The Banning of Parler App Opens up Free Speech Questions

Isaiah Vennetti, Senior Staff Writer

Recently, the relatively new “Parler” app has caused an uproar among different platforms. These platforms include: Google, Apple, Amazon, and possibly more to come. Why would three of the most dominant e-companies in our world, wanting to collectively ban a social media app? Banning an app is truly peculiar since most social media platforms are encouraged and created for user’s public communication. The first thing that may come to mind, which happens with most apps, is that the company creating the app is taking user data and selling it, thus the shutdown is warranted. Not so with this app, favored by Conservative supporters of Donald Trump. In this case, the app has been cut off because of the claim that it’s being used to incite violence, particularly tying-in with the violence at the Capitol. “In a letter obtained by CNN Business that was sent to Parler Chief Policy Officer Amy Peikoff… Amazon Web Services said that in recent weeks it has reported 98 examples to Parler of ‘posts that clearly encourage and incite violence.’ The letter includes screenshots of several examples.”  Sources indicate that Parler President Matze responded by stating that social media monopolies are now trying to inhibit free speech. 

The Parler App is a social platform founded in 2018 by John Matze and Jared Thomson, two Conservative programmers. It has an estimated 4.8 million users, which reportedly is a very rapid growth. The app was launched by a wealthy investor, Rebekah Mercer. She and her family played a big part in Donald Trump’s presidential election back in 2016. The app was produced by the founders because they believe other apps like Twitter and Facebook are biased against all conservatives and try to silence conservative discussion, sources state. Parler became  particularly popular over the summer of 2020.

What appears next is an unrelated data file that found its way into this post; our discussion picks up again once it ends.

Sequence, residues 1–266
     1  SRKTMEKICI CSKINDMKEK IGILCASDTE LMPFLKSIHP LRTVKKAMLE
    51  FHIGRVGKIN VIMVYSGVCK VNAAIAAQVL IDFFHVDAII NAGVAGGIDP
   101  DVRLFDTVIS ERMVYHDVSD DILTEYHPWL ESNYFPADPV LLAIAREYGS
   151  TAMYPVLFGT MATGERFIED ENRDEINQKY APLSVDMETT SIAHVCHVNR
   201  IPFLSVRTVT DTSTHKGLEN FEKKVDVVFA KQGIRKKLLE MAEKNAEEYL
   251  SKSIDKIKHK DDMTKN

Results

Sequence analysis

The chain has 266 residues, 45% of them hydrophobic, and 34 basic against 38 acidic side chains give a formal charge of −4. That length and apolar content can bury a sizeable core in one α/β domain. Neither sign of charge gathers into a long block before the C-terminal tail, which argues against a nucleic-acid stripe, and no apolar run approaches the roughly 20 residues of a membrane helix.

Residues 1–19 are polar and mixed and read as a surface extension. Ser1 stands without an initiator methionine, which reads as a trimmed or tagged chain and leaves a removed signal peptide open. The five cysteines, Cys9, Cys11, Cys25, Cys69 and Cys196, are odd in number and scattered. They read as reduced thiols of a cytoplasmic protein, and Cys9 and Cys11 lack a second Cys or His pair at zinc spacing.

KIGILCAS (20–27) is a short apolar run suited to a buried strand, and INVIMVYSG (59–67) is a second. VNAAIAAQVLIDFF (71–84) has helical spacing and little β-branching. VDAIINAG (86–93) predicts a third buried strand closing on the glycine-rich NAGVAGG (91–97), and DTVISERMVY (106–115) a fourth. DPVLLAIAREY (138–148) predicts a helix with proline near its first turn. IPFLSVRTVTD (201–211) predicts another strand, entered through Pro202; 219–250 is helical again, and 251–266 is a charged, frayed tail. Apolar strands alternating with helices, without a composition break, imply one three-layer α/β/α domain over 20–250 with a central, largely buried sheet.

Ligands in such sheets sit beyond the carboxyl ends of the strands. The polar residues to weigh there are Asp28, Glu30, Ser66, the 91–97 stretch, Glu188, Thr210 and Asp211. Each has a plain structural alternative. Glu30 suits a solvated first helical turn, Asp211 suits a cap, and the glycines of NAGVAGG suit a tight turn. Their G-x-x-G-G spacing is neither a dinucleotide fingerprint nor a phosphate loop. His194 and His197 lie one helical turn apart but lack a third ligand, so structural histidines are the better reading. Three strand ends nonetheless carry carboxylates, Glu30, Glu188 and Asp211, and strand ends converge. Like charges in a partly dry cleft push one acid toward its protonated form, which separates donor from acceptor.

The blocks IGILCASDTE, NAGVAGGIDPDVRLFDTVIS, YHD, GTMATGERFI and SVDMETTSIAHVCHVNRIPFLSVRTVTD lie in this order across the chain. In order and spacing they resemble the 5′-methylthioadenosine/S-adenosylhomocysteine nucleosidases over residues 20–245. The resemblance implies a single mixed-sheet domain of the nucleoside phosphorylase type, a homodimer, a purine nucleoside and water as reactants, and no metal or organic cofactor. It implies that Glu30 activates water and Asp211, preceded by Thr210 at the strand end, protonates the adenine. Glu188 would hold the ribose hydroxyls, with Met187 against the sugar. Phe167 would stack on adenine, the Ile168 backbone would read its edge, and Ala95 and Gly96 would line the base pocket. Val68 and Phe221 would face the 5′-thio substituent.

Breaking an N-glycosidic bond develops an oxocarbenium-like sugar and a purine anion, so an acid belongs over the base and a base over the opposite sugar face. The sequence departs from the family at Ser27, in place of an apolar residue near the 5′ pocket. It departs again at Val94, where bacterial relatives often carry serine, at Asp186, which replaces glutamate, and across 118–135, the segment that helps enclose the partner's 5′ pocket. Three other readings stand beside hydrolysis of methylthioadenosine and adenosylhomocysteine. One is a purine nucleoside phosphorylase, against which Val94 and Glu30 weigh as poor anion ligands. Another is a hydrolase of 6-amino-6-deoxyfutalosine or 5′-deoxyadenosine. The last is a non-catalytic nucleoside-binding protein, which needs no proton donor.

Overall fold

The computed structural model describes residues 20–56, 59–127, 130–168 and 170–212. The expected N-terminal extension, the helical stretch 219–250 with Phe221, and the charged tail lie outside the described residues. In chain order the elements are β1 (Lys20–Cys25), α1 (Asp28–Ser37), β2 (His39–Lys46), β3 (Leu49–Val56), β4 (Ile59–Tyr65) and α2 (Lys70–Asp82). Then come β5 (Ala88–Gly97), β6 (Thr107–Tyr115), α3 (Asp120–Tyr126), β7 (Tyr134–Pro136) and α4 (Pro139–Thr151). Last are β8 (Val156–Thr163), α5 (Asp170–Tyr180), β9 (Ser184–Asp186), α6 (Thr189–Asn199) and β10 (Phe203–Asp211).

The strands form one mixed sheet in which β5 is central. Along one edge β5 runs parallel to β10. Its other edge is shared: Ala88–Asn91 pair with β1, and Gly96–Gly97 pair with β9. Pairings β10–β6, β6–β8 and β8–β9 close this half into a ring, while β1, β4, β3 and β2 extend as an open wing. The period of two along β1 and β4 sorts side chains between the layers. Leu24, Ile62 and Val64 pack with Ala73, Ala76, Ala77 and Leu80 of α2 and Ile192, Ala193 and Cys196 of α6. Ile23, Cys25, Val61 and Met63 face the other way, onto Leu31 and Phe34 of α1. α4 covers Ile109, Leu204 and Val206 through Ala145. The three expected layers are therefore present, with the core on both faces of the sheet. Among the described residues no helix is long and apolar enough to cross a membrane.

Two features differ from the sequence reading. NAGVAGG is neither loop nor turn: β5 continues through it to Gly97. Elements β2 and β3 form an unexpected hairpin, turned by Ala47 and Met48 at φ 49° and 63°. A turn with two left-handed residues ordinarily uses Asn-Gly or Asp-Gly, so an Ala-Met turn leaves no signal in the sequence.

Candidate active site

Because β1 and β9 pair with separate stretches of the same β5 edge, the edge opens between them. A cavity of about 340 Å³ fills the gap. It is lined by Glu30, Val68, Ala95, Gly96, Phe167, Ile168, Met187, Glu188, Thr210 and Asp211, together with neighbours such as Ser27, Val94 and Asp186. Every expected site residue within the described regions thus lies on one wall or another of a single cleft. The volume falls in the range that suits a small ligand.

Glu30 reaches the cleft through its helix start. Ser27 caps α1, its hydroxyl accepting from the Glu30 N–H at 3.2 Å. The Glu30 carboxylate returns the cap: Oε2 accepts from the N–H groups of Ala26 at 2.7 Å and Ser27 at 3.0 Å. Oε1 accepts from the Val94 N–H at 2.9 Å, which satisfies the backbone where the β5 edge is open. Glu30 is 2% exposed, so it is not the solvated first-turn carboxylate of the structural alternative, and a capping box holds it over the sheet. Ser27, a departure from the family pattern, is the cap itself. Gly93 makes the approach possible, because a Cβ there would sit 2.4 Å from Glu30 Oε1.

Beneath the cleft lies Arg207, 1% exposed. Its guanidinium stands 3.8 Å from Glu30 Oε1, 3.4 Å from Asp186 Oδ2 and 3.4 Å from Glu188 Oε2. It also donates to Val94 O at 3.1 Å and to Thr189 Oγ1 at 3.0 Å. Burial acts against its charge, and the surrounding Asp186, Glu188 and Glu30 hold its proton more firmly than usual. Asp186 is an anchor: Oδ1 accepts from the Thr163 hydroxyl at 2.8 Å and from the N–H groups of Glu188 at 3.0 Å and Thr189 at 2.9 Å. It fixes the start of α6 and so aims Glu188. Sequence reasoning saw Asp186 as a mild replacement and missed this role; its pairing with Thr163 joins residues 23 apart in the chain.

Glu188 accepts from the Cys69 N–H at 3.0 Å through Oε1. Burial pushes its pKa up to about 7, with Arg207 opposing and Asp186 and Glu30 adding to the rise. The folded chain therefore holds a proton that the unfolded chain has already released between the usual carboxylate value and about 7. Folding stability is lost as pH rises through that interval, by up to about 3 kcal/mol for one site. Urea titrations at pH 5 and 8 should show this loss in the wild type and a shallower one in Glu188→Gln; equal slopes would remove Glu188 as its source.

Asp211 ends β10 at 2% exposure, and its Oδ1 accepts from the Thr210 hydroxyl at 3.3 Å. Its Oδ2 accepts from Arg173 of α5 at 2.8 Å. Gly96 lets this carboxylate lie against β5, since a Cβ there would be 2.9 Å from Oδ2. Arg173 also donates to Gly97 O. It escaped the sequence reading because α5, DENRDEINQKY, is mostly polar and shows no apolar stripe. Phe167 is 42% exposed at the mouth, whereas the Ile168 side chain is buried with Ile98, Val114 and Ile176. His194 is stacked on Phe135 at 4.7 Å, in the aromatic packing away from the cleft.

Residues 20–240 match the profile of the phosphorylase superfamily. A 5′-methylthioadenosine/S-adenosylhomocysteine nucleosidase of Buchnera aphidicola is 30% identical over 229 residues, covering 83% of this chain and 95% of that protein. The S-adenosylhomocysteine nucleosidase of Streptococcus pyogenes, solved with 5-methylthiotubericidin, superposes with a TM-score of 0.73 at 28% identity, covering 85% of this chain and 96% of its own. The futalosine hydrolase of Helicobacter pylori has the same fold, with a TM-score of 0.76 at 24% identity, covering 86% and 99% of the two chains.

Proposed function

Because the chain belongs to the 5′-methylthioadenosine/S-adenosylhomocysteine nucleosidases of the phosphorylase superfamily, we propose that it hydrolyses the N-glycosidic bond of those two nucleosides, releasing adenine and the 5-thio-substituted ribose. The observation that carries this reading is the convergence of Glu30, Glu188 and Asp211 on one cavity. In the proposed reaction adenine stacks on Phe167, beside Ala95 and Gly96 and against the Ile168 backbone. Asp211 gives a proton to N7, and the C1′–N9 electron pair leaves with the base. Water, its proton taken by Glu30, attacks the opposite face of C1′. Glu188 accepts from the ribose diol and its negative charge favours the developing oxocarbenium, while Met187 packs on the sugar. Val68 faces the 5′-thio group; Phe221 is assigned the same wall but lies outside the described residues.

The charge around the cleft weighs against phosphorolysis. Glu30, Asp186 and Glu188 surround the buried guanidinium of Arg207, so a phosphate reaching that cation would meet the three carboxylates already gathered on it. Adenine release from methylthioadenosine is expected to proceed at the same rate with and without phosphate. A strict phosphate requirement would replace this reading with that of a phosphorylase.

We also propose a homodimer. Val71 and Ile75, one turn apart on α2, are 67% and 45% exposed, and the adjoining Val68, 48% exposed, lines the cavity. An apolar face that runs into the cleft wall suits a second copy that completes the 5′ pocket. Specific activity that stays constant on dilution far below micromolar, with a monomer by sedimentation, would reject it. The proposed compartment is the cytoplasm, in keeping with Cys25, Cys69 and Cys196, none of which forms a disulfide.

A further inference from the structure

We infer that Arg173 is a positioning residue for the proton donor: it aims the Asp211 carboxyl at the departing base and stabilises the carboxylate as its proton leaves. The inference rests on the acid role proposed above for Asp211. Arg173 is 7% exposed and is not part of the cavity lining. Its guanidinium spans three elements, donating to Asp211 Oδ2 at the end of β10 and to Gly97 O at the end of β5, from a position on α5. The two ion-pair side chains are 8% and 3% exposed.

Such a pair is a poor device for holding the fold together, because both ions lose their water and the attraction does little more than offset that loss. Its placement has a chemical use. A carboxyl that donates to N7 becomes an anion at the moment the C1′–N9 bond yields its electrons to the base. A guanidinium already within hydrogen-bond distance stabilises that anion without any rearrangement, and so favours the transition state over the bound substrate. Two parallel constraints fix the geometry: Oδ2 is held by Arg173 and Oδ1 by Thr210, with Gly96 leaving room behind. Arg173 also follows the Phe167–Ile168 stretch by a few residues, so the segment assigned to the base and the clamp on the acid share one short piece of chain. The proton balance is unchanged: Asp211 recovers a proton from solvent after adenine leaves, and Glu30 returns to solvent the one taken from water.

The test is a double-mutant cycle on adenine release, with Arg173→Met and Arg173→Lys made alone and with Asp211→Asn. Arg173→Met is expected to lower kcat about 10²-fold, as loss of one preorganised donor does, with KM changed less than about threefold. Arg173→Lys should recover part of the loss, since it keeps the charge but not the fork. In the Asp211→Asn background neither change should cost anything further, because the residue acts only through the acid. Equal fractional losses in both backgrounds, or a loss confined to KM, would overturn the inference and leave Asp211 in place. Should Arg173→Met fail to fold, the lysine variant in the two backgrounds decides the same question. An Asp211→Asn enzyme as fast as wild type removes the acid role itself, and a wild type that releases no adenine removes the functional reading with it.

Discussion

Hubbard High School students offered various options of the take down. When asked if the Parler App had any part in the attack of the Capitol, Senior Courtney Amrich had stated, “Yes, it was known that a lot of conservatives and Trump supporters gathered collectively on the app, and planned the attack.” Still, Amrich’s comments are hearsay as there is no definitive published proof that the platform was used for this purpose.  So the question of censorship must be considered. brings up this controversy with an entirely unique situation in the banning of Parler: “Never before have three of the most dominant Silicon Valley corporations—all of them subjects of Congress’s massive antitrust investigations—simultaneously banned a social media platform because they don’t approve of its policies around user speech. They have, in effect, decided that they get to moderate the moderators. And that raises a number of difficult questions. Indeed it does.

 Another senior, Whintey Hendrix states, “I don’t know the whole process as to how an app can become banned, but if other huge companies are saying the app is harmful, then I agree that the app should be taken down.” And yet, there are questions about dangerous and racist speech promoted in the past on platforms like Facebook and Twitter, still those platforms continue untouched.  It is a question all of us need to consider. Is our democracy and the quality of free speech being threatened or are these actions by Google, Amazon and Apple completely justified?